Fool For Love Is a Dark Tale of Incestuous Romance

The setting for Sam Shepard's Fool for Love is fitting: an isolated, shabby motel in the Mojave desert. It's the perfect bubble for a tortured, taboo, and sickly compelling love affair. Unspeakable things, wrong things, happen between people who are under the influence and locked in cheap motel rooms. Here, the drug of choice is obsessive, incestuous love.

Last night, we witnessed the Alliance Theatre Lab's staging of Fool for Love. A red-headed woman in a cheap wife beater. A tall and imposing young man with a wide, thin-lipped smile and a cowboy hat. A bed. And an old man tipping back and forth in a worn wooden rocking chair in a darkened corner of the stage. Watching. Detached.

Not until the actors prompt him does he come to life, uttering some commentary or anecdote. He's like a mechanized dummy that performs a little ditty when

you drop a quarter in it before receding back into a static state. Turns out this old man is the father of the two quarreling lovers on stage.

Eddie (Arturo Fernandez) has just tumbled back into town to

try to reclaim his high school sweetheart (ack, and half sister), May (Jehane

Serralles), after one of many long

and unexplained absences.

Eddie's gangling limbs seem

ruled by a force outside himself --- his movements appear appropriately

involuntary as he grabs his woman by the waist, flings himself onto the

bed, slams doors, and tips a liter of gin upside down over his mouth. His

eyes shine with fantastic dreams and poetic words that seem to strike

May first as romantic, and a moment later, as cruel and repulsive as she

recalls the long string of disappointments.


never going away. I'll track you down, even if you can't stand the sound

of me, the sight of me, or the smell of me," he promises as she beats

him away, a glimmer of reluctance always visible right under the surface

of her expression. Fernandez's delivery is convincing and at times haunting,

most notably in an eerie monologue he performs toward the end of the


Playing the object of his narcissistic

love, Serralles strikes a balance between a woman who is desperate to

move on and make good, and a woman who is desperate to lose herself in

the intoxicating and private infatuation that seems to have eaten little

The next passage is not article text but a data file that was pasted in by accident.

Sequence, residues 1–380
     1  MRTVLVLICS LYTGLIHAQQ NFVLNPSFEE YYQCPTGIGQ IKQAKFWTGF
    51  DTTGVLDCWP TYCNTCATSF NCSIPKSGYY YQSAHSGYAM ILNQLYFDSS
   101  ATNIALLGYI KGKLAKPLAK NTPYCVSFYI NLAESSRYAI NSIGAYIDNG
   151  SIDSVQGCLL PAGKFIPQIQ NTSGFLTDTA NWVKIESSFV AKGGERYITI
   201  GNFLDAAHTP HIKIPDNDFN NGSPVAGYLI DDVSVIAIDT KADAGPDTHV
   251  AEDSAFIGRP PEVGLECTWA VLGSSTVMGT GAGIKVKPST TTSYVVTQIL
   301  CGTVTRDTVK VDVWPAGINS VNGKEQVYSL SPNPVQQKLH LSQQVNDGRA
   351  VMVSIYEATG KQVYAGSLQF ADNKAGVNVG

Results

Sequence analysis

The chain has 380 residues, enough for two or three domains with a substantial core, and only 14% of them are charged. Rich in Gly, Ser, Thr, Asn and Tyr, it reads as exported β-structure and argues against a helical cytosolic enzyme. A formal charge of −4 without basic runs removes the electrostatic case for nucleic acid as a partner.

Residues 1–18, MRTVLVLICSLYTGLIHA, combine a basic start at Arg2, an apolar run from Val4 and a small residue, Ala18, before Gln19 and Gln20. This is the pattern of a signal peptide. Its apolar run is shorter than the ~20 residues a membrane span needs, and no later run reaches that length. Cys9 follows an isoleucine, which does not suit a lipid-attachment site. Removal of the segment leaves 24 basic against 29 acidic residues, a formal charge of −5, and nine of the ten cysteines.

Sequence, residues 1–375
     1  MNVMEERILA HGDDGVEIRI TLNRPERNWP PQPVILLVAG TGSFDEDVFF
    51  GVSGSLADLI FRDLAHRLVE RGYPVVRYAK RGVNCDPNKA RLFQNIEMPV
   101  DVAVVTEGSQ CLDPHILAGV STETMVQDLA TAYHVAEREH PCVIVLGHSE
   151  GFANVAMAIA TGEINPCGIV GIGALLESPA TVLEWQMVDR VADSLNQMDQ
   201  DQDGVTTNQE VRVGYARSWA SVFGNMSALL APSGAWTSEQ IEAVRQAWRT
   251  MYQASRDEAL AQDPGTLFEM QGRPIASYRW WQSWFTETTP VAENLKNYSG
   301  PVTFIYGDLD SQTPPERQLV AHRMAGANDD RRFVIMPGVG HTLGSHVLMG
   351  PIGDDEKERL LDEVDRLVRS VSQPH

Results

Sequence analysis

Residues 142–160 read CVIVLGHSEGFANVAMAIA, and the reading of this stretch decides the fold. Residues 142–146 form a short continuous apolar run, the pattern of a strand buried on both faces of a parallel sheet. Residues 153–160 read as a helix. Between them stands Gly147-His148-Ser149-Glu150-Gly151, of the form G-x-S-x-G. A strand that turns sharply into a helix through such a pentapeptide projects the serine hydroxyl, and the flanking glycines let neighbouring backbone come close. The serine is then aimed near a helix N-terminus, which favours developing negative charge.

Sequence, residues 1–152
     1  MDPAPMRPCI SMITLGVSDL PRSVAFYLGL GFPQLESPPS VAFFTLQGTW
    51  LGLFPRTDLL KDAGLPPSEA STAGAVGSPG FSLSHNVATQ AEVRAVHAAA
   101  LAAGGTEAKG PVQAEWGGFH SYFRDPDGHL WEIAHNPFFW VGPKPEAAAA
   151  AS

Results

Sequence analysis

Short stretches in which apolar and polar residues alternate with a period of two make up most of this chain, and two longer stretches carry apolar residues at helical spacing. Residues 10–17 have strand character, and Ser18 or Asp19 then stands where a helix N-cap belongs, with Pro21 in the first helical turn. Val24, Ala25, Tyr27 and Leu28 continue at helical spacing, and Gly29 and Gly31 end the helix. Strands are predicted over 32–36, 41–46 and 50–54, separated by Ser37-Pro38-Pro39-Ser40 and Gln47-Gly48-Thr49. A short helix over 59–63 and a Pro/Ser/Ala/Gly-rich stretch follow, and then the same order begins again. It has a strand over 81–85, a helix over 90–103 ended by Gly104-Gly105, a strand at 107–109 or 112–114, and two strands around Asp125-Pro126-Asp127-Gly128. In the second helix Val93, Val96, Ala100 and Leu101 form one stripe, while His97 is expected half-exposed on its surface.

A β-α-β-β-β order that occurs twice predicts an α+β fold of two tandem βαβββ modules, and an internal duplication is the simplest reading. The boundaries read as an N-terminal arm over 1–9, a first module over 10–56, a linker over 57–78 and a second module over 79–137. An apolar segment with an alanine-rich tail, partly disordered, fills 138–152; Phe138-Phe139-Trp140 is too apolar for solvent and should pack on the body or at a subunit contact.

wormholes in her brain.

It must be difficult to play a character who

is also playing a character --- May is trying to come off as

rehabilitated, over the base and lustful relationship she and Eddie

have, but it's clear that at her core, she is stuck.

The bruises on her legs (which appear real) are a testament to the extremely

physical blocking of the play. In line with the script, Eddie and May

are in a constant push and pull, their bodies alternately exploding away

from one another and groping each other hungrily. They execute both


May's new boyfriend,

Martin (Jameson Hammond), bumbles in naively, providing welcome relief

from the infernal feud he unwittingly walks into. His laid-back,

childlike demeanor in the face of the very adult scene he has stumbled

upon is quite humorous at times. He provides necessary neutrality on an

otherwise fully-loaded stage. 

Then there is

the father (George Schiavone), the root of all the trouble, who leans

back, observing remorselessly as his son and daughter wrestle with each

other in more than one way. When he breaks his silence, his performance

is nothing short of magical, his spindly fingers and his eyes dancing

with gin-soaked nostalgia as he imparts some memory of May's childhood,

the two women he loved, or the old Studebaker he drove. We come to

understand an old fool who lived his life selfishly and caused a lot of

pain, but who was adored, fair or no. 


strange and intriguing tale, the one-hour play could have held our

attention for two more. Kudos to director Adalberto J. Acevedo for

bringing this interesting story to a Miami stage and doing it so well.

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Camille Lamb Guzman is a journalist who writes on wellness, travel, and culture. She is also finishing a book of creative nonfiction.